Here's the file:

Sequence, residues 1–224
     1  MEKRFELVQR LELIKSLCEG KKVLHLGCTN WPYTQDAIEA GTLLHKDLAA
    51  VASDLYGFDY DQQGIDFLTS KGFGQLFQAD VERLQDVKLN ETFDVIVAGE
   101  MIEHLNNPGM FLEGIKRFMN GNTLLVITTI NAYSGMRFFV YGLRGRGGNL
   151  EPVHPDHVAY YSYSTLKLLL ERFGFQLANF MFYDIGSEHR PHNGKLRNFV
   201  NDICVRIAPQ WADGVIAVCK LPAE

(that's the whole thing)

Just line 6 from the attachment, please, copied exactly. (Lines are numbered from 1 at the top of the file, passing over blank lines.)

   201  NDICVRIAPQ WADGVIAVCK LPAE